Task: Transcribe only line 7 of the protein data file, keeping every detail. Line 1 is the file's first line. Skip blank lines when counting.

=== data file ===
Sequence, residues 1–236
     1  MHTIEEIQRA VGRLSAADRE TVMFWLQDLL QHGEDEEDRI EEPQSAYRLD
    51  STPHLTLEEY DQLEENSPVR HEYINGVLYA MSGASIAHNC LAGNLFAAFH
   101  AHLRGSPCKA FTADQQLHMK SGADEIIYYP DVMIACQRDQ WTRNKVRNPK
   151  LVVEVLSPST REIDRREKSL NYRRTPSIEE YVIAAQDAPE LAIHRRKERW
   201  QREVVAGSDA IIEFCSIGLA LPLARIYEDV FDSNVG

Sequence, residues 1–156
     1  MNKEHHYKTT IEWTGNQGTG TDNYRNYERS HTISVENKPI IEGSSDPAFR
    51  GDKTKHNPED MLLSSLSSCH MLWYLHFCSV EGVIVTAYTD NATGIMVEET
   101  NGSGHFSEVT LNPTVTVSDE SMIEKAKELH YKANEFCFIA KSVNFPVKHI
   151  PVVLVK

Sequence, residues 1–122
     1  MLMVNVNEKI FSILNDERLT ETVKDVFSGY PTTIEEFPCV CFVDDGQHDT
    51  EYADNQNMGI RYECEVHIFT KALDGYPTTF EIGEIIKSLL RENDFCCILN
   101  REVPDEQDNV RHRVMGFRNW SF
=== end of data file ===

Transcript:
Sequence, residues 1–156